The gospels record many encounters between Jesus and other Jewish teachers; such terms as lawyer, scribe, rabbi, and Pharisee describe teachers of Jewish law. But the role of teacher and the place of the law—or Torah—in daily Jewish life was a relatively late development in Judaism.
Posts Tagged ‘Jesus’
When we say, “I believe in God . . .” we are saying “I give my heart to God.” We are expressing a desire to be in relationship with God. Which God? “The God who made heaven and earth.” The God who loves us so much he gave his only son to show us how to live and even die on the cross. It is the God who conquered death in the resurrection and gave us the Holy Spirit so that we will continue to know God’s love.
Sometimes in our attempt to develop and understand and practice our faith, we fall into a worldly paradigm of barter. What will it cost me to be saved, to know redemption?
By virtue of our baptism, we are given words of invitation to share in Christ’s eternal priesthood. It is this crucified and resurrected Christ who stands as the high priest at the Center and we, the Community of the Baptized, are encircled around this empowering presence who invites us into a royal priesthood as joint heirs.
Giving is modeled by Jesus, all the great saints, and all of my mentors. I know about giving and about self-sacrifice. I’ve walked the fine line of being “given out” before because of the amount of giving that seemed required in my life at differing times.
“Christ has died, Christ is risen, Christ will come again.” It’s easy to gloss over the fact that the verbs go from past tense, to present tense, to future tense.
On this Sunday church bells peal, choirs sing, flowers adorn altars and all rejoice in the resurrection. How have others explained this event of a missing body, empty tomb, darkness to light, death to life?
What does “resurrection” mean? The creeds speak of a “resurrection of the body.” Many Christians repeat the Nicene Creed every week without noticing what it says, and assume that the gospel has to do with the immortality of the soul. That, however, is a Greek idea and not what the apostles proclaimed.
We have entered the most holiest of weeks for Christians and will soon be enveloped in the Triduum – three days of prayer in preparation of the greatest feast of the church year.
John’s portrait of Jesus emphasizes the divinity of Jesus. Jesus has been sent from heaven to earth to bring salvation—a new friendship with God through which we become God’s daughters and sons.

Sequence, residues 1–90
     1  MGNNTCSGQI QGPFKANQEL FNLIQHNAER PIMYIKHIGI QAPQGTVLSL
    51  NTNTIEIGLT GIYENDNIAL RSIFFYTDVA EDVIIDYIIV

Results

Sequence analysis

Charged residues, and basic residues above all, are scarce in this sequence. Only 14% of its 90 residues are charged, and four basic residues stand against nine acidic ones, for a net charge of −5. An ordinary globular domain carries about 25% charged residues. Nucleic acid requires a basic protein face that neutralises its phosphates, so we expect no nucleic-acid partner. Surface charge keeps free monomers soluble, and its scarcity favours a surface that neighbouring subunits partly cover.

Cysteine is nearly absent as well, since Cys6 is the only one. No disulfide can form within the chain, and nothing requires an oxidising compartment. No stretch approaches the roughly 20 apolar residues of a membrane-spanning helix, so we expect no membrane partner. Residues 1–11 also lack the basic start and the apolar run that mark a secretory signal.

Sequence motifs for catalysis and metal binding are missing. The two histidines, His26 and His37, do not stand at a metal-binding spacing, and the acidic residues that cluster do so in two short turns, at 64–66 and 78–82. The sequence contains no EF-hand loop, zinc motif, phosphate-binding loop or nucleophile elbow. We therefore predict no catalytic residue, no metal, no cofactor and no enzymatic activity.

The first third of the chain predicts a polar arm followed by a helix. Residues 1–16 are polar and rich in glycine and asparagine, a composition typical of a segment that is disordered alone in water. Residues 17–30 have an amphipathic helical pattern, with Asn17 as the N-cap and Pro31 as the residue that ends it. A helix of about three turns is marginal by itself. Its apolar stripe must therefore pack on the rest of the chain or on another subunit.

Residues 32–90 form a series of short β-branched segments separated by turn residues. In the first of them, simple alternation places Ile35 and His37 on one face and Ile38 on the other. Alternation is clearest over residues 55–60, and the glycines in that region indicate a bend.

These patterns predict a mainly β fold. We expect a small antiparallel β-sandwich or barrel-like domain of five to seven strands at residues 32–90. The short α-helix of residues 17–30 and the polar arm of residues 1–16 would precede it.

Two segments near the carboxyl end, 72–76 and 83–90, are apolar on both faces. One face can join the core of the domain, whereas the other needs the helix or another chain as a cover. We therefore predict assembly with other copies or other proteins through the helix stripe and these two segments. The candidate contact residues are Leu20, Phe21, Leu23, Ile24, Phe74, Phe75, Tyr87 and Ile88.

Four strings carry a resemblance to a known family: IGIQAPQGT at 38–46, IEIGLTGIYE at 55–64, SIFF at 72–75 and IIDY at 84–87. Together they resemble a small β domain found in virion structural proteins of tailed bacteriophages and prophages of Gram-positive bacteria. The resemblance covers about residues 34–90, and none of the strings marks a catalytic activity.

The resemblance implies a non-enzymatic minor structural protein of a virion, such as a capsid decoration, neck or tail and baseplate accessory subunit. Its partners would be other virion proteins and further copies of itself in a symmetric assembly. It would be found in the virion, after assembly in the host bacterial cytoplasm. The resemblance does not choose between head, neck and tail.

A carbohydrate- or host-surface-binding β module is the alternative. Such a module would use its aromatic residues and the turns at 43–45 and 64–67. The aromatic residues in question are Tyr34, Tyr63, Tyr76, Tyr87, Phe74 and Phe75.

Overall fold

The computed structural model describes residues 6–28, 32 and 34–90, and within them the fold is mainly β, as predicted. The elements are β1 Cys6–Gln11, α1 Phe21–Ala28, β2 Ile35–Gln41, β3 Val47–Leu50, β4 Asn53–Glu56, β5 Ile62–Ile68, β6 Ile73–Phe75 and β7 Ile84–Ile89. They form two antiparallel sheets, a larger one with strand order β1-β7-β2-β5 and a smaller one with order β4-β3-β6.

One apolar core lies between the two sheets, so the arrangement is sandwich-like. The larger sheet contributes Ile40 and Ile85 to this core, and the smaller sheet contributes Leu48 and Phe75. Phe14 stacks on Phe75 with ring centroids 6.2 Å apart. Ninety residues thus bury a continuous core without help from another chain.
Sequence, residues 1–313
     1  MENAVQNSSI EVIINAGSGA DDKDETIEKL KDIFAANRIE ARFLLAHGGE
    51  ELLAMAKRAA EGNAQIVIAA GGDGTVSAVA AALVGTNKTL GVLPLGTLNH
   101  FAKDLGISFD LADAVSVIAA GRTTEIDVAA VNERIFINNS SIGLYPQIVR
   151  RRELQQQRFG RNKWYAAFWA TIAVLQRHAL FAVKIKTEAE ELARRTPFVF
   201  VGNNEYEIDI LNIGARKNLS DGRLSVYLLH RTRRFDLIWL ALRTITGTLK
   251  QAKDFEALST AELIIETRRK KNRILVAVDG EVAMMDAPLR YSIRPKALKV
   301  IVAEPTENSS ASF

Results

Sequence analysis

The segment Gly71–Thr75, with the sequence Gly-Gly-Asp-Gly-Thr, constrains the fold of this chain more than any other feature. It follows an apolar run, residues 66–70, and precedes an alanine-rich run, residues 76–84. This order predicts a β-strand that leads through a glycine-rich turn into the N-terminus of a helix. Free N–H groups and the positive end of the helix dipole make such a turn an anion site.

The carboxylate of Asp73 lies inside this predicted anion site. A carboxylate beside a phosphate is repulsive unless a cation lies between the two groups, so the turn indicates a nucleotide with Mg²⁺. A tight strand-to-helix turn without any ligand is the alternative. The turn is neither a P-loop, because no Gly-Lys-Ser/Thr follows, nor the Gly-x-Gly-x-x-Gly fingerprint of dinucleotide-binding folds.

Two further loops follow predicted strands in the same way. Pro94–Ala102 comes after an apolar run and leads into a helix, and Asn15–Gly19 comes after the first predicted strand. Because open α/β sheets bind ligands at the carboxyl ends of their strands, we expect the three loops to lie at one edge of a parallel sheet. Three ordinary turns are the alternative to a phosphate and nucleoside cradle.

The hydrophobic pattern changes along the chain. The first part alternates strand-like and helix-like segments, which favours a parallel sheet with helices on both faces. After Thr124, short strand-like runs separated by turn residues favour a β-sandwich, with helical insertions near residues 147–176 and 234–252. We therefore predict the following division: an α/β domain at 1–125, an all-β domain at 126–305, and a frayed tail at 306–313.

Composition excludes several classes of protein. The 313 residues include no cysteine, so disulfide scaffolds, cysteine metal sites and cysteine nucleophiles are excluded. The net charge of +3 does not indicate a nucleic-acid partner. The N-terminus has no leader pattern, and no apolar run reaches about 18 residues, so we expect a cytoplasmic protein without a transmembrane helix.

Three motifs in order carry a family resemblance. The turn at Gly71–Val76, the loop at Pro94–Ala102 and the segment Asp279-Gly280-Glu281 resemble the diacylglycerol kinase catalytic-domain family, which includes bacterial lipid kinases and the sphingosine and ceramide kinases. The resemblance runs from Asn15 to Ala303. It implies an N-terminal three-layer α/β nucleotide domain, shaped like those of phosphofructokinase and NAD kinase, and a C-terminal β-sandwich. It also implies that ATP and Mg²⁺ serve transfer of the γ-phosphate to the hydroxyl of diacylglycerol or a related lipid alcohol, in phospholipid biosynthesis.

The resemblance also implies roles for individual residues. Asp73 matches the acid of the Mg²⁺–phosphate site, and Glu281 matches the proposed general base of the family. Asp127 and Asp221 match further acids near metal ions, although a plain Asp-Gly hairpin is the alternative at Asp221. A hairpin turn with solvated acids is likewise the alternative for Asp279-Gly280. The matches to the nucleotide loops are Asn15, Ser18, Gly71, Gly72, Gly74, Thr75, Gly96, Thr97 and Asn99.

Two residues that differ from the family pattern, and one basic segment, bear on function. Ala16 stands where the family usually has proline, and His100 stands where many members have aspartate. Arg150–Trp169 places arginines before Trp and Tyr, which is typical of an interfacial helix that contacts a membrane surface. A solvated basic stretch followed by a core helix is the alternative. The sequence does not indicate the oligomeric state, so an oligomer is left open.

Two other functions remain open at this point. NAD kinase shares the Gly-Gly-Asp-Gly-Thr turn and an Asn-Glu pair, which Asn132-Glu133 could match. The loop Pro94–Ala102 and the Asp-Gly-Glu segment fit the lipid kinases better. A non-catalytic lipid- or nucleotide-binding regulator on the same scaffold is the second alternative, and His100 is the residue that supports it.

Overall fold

The youth I have in our confirmation program don’t use the name Jesus very much. God? Sure, seems safe. Holy Spirit. Maybe, but what is it anyway? But Jesus? Jesus was a person. A person means a relationship – conversation, working together, being together. A little more intimidating.
For over hundreds of years, people have talked about how certain animals are like Jesus, gentle and strong, dying and rising. For children, these can be symbols to help understand difficult concepts and why we often refer to certain sayings and stories in the bible and connect them to the resurrection.
Lent is the time in the church calendar when we remember how Jesus was “led by the spirit” into the desert to face the devil’s temptation and to experience personally the power of the living God. It is a time to consider our own “desert experiences,” when we take risks and commit our plans to God.
If I read the Great Commission correctly, it is to make “disciples” and not “converts.” It seems to me that “conversion” is seed in shallow soil, while “discipleship” is a lifelong process of increasing commitment both to God and to each other.
That term has come into wide usage in the Church today. Sometimes it serves a synonym for Christian Education, but I would like to suggest that Faith Formation is a great deal more than simply the latest terminology for Church School.
The feast of Christ’s epiphany or “manifestation” originated among the Christians of Egypt in the third century. The date of January 6 was probably chosen because the Egyptians celebrated their great feast of the winter solstice on that day, in honor of the sun god Horus.
The naming of her child was to be part of the great unfolding of God’s plan for the salvation of the world. And so this simple act of obedience and following the ancestral tradition was used for the glory of God.
On January 8th we will celebrate the Feast of the Baptism of our Lord, the first Sunday after the Epiphany. This season often gets left behind in the humble abode in Bethlehem where we have followed our three mysterious kings, and in our minds brings an end to the Christmas season.